And back came the answer that permission was granted. But no mention of who wrote it.

And so I wrote back and asked again, who wrote the paper?

And answer, was there none.

In 2007, when the Royal Society's position paper was written, the official statement of climate science was still the Third Assessment Report. Should we now conclude that the position paper was written by Sir John Houghton, the scientist responsible for that same third assessment report, working alone?


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    [...]- Bishop Hill blog - The Royal Society and global warming[...]

Reader Comments (17)

So something is wrong with this document? What exactly?

Nov 27, 2009 at 1:35 PM | Unregistered CommenterFrank O'Dwyer

Oh come on, wake up Frank.

Nov 27, 2009 at 1:49 PM | Unregistered CommenterDerek Walton

I'm saying we don't know what the position of the fellows of the Royal Society is.

Nov 27, 2009 at 1:51 PM | Registered CommenterBishop Hill

I see. And where do you place the likelihood that the majority of the FRS violently disagree with the content of that document but are just too polite to say so? Why don't they come forward? Are they locked up in Al Gore's basement?

(Why would they disagree with it anyhow? What is wrong with it? Where indeed are the strawmen in it? Those arguments, and many worse ones, have been put forward by 'sceptics'.)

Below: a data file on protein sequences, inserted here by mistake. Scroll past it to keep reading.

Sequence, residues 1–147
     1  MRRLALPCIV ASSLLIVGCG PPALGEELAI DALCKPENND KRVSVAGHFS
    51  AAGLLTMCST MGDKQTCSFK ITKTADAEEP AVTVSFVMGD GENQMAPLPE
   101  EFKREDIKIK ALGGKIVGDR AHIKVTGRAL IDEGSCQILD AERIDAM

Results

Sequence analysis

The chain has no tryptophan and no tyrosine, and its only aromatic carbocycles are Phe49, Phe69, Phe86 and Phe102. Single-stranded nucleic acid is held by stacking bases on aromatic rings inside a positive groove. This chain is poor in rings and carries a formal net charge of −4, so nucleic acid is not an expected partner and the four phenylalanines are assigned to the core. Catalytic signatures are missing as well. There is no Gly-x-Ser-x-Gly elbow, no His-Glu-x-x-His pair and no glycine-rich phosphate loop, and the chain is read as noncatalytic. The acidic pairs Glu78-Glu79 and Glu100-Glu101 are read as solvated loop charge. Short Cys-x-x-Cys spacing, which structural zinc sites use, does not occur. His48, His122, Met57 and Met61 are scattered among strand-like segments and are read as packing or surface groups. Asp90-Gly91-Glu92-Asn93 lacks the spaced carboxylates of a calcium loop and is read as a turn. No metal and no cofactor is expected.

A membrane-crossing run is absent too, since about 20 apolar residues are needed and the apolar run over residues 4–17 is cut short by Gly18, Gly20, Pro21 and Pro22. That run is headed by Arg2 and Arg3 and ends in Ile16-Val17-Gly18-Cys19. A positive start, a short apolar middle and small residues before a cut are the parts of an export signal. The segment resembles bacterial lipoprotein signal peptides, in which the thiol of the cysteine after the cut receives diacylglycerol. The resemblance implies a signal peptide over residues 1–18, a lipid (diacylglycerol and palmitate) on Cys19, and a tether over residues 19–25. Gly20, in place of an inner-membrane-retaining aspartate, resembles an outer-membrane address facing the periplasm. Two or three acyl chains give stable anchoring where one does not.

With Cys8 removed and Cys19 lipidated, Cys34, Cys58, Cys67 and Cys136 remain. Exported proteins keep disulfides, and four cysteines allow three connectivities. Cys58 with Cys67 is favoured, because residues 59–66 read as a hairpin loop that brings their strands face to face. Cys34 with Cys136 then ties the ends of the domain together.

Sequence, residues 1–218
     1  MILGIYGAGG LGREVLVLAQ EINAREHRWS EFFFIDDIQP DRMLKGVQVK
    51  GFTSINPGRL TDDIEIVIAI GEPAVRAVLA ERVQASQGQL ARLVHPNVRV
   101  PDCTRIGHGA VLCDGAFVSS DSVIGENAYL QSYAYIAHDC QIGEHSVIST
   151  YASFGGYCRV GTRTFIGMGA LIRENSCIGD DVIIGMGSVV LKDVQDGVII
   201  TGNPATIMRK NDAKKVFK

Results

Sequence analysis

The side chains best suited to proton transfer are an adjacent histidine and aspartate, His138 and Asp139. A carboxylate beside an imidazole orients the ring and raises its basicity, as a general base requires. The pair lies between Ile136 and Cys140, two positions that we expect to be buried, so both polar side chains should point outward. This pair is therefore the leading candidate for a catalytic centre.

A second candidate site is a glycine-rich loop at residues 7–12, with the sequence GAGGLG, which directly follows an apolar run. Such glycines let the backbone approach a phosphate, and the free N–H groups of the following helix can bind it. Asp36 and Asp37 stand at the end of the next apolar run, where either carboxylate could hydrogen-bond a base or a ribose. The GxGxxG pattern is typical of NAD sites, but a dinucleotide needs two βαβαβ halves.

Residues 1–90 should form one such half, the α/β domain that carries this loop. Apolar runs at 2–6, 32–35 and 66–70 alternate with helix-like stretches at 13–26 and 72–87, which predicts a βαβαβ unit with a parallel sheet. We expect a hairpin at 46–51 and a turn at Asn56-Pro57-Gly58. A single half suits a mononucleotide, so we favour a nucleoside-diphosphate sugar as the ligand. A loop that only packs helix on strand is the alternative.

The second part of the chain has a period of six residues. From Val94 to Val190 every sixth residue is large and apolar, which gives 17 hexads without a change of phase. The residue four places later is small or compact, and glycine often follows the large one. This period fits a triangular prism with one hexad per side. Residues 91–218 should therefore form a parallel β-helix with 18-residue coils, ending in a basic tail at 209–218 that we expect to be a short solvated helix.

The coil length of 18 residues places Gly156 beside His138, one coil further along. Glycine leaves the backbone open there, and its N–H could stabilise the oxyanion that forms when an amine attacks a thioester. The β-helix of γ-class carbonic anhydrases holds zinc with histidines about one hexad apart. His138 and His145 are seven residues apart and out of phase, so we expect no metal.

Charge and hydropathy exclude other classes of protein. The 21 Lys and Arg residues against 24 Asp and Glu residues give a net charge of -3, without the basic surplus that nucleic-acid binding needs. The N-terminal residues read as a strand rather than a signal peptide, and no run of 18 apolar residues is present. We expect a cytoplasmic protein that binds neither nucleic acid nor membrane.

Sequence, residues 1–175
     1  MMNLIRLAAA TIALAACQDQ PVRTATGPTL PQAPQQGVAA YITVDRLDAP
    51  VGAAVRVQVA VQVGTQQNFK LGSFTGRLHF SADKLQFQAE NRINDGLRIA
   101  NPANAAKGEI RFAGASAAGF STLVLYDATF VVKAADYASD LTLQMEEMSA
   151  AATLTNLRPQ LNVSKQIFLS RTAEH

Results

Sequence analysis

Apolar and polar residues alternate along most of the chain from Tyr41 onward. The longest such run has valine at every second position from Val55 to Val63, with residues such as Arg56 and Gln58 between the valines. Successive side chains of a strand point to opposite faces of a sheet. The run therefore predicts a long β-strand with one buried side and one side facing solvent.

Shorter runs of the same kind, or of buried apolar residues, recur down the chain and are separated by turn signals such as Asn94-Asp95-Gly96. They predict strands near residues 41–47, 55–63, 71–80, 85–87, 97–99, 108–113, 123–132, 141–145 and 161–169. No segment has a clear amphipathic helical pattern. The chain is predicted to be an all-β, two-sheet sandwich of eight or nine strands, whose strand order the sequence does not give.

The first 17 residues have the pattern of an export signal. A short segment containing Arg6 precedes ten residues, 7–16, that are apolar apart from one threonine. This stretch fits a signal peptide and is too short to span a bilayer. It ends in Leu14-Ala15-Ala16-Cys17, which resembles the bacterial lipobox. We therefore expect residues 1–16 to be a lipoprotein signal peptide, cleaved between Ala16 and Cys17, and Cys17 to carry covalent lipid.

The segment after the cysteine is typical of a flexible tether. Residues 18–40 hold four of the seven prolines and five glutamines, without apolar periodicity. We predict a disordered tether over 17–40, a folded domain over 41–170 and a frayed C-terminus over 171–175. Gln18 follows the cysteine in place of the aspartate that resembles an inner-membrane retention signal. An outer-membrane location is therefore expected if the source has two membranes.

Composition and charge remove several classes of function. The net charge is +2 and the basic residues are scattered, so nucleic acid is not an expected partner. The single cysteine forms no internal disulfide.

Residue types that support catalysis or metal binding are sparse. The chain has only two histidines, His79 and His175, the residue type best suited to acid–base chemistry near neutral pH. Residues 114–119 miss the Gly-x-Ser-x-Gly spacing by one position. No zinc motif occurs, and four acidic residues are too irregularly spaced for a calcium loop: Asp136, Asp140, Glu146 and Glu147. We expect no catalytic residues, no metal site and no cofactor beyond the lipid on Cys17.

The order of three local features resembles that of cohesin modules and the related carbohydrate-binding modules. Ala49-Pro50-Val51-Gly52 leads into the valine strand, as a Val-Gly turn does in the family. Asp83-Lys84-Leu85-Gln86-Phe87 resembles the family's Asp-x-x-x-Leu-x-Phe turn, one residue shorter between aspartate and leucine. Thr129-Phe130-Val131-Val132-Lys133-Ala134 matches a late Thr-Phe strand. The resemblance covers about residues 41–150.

Nov 27, 2009 at 2:15 PM | Unregistered CommenterFrank O'Dwyer

Want a good laugh - take a look at the motto of the Royal Society in the context of their publishing an "authoritative" propaganda paper for global warming. I'll even let them explain it themselves...

"The Royal Society's motto 'Nullius in verba', roughly translated as 'Take nobody's word for it', dates back to 1663, and is an expression of the determination of the Fellows to withstand the domination of authority (such as in Scholasticism) and to verify all statements by an appeal to facts determined by experiment."


Nov 27, 2009 at 2:33 PM | Unregistered CommenterPhil A


Sounds a bit like "Don't put anything in writing!" :-)

Nov 27, 2009 at 2:38 PM | Unregistered CommenterMikeE

Mike E


Nov 27, 2009 at 2:38 PM | Registered CommenterBishop Hill

Philosopher Jerome R. Ravetz introduced the concept of 'post-normal' science, which is not the good, old-fashioned science that seeks truth. This has been adopted by the climate alarmist 'Team'. While we are angry that scientists have been cooking the books, we are responding according to 'normal science'. Ravetz and this new breed of 'scientists' are on a different track - one with a lust for political control. Ravetz, drawing on neo-Marxism, showed them the way. He said: